Management Articles


 

Executive Leadership

By: Robert H. Kent, Ph.D., CMC

President of The Mansis Development Corporation, Dr. Kent is a specialist in the structure and management of small and medium-sized organizations, and frequently serves as a personal coach and management consultant to executives for solving their management and employee performance problems. Before founding his consulting company, Bob held senior management and executive positions in federal and provincial government and private corporations. He has been a director of several health care and service organizations and a consulting member of private and government task forces in the areas of government finance, organization structure, personnel management and executive development. Since 1972 he has lectured in management at several Canadian and American universities in the faculties of Management, Administrative Studies, Medicine and Continuing Education where he has been an award winner for excellence in teaching and professional expertise; and he has published over 125 books and articles on management.

If you're lost trying to decide which leadership style to use, when, where and on whom, your confusion may be over. Evidence is mounting (including your own common sense) that some leadership practices are fundamental and these are basics that good leaders need at all times -- and perhaps little more.

Since the 1920's, there have been decades of research on leadership and management styles. The most popular concept is the "Situational" or "Contingency" approach whereby managers and/or leaders should adjust their leadership style for each situation they are in -- the "situation" being defined by many categories including the needs, wants, preferences, maturity level or other characteristics of the follower, as well as measures of the work being expected of the follower, the technology being used, the time required to make decisions, the faith that the leader has in the judgement of the followers and many more!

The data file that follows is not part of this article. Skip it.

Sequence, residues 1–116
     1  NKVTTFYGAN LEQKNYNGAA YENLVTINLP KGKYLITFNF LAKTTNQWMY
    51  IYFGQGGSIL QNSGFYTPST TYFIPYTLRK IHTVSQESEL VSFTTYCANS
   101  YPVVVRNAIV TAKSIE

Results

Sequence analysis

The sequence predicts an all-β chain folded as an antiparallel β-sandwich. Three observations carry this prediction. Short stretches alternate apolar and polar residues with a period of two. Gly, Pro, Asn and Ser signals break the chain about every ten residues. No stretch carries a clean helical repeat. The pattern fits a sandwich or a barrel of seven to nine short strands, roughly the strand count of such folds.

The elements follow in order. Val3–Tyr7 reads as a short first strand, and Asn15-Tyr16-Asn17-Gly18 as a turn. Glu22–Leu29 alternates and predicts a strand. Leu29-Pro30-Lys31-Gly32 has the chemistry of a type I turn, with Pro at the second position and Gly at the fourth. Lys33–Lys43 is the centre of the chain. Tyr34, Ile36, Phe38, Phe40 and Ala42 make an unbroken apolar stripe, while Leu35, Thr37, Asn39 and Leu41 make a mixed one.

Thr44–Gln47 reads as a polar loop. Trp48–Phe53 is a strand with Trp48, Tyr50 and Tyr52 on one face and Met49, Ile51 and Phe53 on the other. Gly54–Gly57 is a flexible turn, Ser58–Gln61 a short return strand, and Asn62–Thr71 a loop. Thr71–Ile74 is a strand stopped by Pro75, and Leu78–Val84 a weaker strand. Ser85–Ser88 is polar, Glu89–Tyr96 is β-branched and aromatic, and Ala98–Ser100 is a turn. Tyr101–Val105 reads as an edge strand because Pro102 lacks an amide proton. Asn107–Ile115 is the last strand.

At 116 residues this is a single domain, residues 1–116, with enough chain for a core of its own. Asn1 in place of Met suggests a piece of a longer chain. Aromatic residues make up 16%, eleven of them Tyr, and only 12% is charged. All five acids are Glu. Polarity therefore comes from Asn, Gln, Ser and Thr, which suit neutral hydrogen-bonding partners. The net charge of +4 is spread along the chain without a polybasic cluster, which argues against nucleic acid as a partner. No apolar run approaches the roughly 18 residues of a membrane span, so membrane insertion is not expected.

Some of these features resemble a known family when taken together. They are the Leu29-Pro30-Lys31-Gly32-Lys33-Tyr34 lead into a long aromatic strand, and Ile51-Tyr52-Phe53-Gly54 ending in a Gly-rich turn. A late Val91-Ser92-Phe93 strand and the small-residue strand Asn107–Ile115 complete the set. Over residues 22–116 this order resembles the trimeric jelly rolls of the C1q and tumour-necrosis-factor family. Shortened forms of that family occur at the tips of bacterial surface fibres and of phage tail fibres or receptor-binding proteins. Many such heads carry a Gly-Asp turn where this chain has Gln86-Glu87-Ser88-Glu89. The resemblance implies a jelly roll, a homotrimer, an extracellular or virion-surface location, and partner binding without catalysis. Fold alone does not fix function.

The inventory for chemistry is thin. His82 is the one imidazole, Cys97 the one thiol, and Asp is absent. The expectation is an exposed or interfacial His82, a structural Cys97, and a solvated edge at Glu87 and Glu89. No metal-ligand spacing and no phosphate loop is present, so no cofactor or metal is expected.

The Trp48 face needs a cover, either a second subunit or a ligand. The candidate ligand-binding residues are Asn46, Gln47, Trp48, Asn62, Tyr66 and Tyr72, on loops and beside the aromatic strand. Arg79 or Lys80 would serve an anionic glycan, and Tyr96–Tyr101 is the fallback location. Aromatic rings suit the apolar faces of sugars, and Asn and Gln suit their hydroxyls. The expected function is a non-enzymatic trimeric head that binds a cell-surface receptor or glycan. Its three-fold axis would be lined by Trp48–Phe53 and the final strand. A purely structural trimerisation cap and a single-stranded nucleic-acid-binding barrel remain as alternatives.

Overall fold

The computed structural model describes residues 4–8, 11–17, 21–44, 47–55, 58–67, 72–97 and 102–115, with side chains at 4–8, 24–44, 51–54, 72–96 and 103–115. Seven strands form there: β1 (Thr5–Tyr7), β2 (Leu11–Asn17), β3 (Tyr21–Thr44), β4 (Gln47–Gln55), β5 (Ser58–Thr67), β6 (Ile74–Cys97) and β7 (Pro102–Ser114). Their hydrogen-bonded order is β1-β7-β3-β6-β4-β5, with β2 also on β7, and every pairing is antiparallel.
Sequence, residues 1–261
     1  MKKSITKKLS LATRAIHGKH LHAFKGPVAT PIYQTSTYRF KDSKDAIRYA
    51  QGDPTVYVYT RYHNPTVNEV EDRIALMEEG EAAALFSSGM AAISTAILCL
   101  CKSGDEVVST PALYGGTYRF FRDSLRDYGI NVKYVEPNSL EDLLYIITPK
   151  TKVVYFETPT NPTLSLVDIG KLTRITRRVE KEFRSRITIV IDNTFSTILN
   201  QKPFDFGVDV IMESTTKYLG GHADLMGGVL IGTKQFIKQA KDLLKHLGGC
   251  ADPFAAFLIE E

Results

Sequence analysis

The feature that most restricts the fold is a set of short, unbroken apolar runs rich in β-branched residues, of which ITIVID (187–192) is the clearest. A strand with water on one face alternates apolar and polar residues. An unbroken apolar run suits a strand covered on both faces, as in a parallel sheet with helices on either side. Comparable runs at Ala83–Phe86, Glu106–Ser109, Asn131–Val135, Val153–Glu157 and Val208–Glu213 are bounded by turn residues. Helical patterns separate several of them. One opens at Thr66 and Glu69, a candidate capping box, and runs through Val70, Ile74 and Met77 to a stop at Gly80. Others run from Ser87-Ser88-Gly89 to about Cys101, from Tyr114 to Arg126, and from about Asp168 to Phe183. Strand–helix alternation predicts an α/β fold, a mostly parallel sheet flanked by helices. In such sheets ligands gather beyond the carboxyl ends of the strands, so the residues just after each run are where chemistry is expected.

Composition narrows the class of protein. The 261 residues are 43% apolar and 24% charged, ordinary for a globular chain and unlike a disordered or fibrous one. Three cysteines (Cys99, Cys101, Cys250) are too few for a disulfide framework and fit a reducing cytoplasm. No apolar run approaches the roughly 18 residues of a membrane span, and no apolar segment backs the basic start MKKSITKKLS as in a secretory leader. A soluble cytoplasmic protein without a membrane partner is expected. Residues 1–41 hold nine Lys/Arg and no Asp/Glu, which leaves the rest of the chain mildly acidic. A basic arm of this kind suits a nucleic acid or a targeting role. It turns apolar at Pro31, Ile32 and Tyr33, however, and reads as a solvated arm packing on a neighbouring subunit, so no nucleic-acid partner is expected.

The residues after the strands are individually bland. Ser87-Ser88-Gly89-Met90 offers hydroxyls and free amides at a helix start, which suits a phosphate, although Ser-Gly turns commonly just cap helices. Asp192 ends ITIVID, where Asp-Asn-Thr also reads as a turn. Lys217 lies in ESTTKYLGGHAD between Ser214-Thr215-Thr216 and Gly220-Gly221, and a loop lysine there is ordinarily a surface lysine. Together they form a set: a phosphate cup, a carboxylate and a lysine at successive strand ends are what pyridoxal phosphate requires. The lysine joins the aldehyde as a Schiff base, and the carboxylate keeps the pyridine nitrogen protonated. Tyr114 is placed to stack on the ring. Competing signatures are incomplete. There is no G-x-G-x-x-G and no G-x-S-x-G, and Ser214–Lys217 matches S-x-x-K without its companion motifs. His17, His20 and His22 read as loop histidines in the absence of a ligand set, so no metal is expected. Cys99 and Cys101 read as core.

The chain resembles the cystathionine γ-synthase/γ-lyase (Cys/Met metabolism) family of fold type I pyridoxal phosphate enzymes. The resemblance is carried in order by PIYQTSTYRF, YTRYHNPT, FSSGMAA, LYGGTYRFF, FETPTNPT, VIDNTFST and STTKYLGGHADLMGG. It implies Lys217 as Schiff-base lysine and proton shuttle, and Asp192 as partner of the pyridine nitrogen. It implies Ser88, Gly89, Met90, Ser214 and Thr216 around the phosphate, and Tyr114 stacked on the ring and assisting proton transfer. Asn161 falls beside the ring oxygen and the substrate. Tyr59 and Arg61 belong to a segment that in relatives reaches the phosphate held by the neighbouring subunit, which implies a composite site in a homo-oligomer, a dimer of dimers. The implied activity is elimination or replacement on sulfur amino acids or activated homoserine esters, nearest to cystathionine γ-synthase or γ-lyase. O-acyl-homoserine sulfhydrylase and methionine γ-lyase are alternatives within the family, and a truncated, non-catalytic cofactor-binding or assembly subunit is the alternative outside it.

Depending, then, upon the "situation", a leader would choose the appropriate "style" or way of interacting with the follower or followers. And when it comes to "styles" to choose from, there are as many categories of leadership styles as there are writers in the field.

As a result, how to be an effective leader becomes a confusing maze. Interestingly, many managers and executives who profess to use a "situational approach" to leadership, can't enunciate what they really do.

However, there has been just as much research that questions the usefulness of a range of leadership styles. There is good evidence and strong argument that there is a one best way for managers and executives to lead people. No matter what your industry is or what the inclinations of your followers are, this one best way is to:
  1. Clearly define for your followers what your role is and what their role is. This includes what you mutually expect from each other, what their job priorities are, what you expect them to do and how you expect them to behave.

  2. Clearly enforce whatever expectations you want to have met, and

  3. Make sure your followers can experience success for their efforts.
Beyond these fundamentals, successful leaders act the way their own personalities direct them. It's strange that little mention is ever made of the ability of most "followers" to adjust themselves to the personality of their leader or "boss", as long as the three conditions above are satisfied. Often, people are more flexible that they are given credit for.

© Copyright 2001 The Mansis Development Corporation

Other Articles by Robert H. Kent, Ph.D., CMC

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